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What Activists Know About Fighting the Opioid Crisis

IN 2017, for the second time in recent years, U.S. life expectancy decreased. Headlines blamed the decline on suicides and opioids, and cast impoverished rural whites as the primary victims. A great deal of attention has been focused on Appalachia, whose population is (erroneously) portrayed as uniformly white, poor, and ravaged by drug addiction. White sickness has thus come to stand for what is supposedly wrong with health, health care, and culture in the United States.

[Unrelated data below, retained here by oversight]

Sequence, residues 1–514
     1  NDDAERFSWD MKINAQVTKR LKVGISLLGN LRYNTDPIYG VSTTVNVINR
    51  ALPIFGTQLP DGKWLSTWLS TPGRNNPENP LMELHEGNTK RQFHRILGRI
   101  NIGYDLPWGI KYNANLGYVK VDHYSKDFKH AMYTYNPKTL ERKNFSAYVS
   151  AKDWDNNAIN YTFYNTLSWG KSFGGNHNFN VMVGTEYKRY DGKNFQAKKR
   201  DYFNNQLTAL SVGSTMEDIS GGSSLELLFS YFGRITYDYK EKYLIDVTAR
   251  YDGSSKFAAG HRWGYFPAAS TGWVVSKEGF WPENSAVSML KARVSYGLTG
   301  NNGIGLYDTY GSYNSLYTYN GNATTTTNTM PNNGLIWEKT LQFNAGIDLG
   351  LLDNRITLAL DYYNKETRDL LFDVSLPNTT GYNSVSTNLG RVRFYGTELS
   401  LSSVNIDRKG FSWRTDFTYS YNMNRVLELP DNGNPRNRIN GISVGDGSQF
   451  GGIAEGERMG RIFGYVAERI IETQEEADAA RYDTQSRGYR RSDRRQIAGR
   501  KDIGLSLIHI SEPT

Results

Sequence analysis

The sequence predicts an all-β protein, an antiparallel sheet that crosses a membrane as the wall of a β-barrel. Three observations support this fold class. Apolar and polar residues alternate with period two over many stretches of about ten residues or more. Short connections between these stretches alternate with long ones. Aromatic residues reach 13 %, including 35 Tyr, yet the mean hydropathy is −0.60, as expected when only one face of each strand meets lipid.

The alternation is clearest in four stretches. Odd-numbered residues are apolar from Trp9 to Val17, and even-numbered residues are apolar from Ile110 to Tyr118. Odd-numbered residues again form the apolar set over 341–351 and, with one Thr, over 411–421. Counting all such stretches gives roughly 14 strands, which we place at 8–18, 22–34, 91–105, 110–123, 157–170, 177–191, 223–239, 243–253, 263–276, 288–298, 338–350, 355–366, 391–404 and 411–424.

The truth is not so simple. Black mortality rates continue to dwarf those of whites—another tragic indication of how our society has normalized racial inequality. In West Virginia, the state with the highest overdose death rate, the rate of overdose among blacks is slightly higher than among whites. In Tennessee, whites fare worse than blacks, but maybe not for long: from 2008 to 2016, the overdose mortality rate more than quadrupled among blacks compared to about a doubling among whites. Moreover, mortality rates increased for seven of the ten leading causes of death, with the highest percentage increase seen in influenza and pneumonia. Drug addiction, then, is not the easy explanation we have made it out to be. Income inequality, loss of social safety net services, and state violence against communities of color are also massive problems, a conclusion borne out by a large body of research. But by only focusing on class—those poor white Appalachians—most media reports ignore the racism, xenophobia, and LGBTQ discrimination found in every aspect of the U.S. health care system, from medical research to bedside care.

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